REG 210414 KUWAIT 12-1618395195332
MP Mohammed Al Mutair used a megaphone to scream, “This vote will not pass.” Image Credit:

Kuwait City: Tuesday’s parliamentary session in Kuwait was cut short and guards were called in to prevent clashes between MPs as tensions between opposition lawmakers and the government continued.

During the session, a vote was put forth to suspend any past or upcoming interrogations against the Prime Minister, Sabah Al Khaled Al Sabah, until 2022. Several lawmakers went up to the podium to stop the vote from taking place. MP Mohammed Al Mutair used a megaphone to scream, “This vote will not pass.”

As the chaos continued, the Speaker of Parliament, Marzouq Al Ghanim, called in the parliamentary guards to protect the Assembly Secretary as he continued to take the votes. The vote resulted in 33 members agreeing to postpone the motion to interrogate the Prime Minister.

When Al Ghanim moved on to discuss the motions filed against the Minister of Health, Dr. Basel Al Sabah, MPs protested the decision as they stated that there are still motions against the Prime Minister to be discussed.

As the dispute continued, Al Ghanim adjourned the session.

To grill or not to grill the PM?

This is the second vote to take place, after 34 members, 18 MPs and 16 ministers, agreed to postpone any previous or upcoming motions to interrogate the Prime Minister during last week’s session. The vote was taken during last week’s heated swearing in-session with 30 MPs boycotting it.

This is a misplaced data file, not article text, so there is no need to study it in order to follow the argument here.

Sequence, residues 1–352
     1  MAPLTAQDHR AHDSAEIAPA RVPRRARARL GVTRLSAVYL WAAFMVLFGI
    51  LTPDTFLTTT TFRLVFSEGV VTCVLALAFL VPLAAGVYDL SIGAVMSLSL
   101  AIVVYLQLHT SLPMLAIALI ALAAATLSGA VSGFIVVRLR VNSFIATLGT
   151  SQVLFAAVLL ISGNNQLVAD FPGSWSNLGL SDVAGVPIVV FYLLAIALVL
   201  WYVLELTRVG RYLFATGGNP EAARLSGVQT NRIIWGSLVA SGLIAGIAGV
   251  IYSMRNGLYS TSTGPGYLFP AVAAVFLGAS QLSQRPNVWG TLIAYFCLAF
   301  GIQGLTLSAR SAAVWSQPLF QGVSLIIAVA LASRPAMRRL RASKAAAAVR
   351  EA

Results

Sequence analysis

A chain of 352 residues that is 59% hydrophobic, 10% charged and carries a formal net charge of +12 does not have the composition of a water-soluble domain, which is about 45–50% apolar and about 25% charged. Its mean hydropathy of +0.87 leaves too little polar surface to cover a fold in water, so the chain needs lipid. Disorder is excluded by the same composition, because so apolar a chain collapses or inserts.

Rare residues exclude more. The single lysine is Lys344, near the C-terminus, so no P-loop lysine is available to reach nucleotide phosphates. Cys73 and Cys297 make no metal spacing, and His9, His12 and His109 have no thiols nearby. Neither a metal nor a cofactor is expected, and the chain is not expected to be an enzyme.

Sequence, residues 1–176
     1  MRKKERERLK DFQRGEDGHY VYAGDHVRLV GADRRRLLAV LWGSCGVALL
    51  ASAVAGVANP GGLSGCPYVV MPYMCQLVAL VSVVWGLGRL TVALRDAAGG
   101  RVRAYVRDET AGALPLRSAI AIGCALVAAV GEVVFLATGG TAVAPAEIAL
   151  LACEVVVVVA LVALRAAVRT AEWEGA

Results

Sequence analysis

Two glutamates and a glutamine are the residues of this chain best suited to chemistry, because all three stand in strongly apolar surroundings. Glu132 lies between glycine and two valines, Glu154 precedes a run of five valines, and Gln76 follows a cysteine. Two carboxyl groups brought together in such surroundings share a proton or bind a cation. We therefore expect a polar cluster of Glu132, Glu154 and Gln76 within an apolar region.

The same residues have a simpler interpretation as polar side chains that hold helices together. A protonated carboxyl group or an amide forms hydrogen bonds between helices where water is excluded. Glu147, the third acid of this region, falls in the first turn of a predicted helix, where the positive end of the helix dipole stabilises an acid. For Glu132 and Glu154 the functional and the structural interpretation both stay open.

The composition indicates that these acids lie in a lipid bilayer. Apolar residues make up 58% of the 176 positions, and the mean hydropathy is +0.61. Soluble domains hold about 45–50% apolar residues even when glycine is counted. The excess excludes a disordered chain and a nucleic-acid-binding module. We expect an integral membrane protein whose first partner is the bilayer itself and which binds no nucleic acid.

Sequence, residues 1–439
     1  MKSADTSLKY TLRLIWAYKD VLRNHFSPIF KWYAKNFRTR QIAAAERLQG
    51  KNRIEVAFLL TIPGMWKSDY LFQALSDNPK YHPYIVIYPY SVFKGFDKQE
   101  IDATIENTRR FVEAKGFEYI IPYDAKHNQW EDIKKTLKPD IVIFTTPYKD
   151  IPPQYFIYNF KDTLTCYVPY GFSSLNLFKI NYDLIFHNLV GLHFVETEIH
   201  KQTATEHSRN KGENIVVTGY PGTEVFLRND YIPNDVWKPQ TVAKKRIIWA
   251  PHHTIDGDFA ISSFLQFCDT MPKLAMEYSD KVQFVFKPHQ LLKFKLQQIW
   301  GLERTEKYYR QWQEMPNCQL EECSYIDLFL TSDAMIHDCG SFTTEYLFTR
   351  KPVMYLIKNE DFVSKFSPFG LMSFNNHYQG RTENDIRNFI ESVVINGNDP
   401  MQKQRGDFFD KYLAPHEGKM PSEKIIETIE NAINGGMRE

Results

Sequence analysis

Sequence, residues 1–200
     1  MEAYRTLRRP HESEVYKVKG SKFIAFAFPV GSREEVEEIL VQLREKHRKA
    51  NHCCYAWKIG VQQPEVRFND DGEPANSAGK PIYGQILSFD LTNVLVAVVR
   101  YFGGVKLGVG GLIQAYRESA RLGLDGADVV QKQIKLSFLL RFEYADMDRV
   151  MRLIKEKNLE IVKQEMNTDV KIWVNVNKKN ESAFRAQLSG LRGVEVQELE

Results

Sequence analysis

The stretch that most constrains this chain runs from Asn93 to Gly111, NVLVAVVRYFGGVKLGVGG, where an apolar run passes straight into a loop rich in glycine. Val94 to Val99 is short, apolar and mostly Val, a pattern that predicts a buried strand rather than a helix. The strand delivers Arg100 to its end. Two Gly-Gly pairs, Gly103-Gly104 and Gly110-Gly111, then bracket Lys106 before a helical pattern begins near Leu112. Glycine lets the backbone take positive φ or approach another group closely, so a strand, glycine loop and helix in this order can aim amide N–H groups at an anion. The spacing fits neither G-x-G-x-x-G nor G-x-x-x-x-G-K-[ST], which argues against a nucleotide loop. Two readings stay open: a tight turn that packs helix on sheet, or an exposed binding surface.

The Prime Minister had two motions filed against him and were planned to be discussed during last week’s session.

The first motion was filled by MP Bader Al Dahoum and MP Mohammed Al Mutair on March 8, less than a week after the government was formed. The announcement came after 15 MPs, including Al Dahoum and Al Mutair, were referred by the government to the public prosecutor for violating health measures and holding a large gathering of approximately 300 people.

The second motion was filled by MP Hasan Jowhar, MP Muhannad Al Sayer and MP Muhalhal Al Nisf for “breaking the promise to work towards amending several laws from those that concern freedom of expression to the electoral law,” Jowhar said during a press conference.

Removal of speaker

Following last week’s session, in an unprecedented motion, a proposal was filed against Al Ghanim by MP Bader Al Mulla and 22 others, on the grounds that Al Ghanim “breached the constitution” by allowing a vote to move forward barring the Prime Minister from being interrogated until 2022.

The proposal stated that Al Ghanim “committed flagrant violations while presiding over the March 30 session.” It added that Al Ghanim suspended article 101 of the Kuwaiti constitution (which dictates the process of interrogating ministers along with the Prime Minister) without a legal or constitutional basis.

Although this is the first motion of its kind since parliament was established in 1962, the motion to remove Al Ghanim is based on article 97, according to the proposal.

Busy week for Kuwaiti politics

While the drama between the executive and legislative branch continues, on Tuesday a Kuwaiti court ordered the detention of the former Prime Minister, Jaber Al Mubarak Al Sabah on corruption charges, local media reported.

Jaber Al Mubarak is the first Prime Minister in Kuwait’s history to face pre-trial detention over graft charges.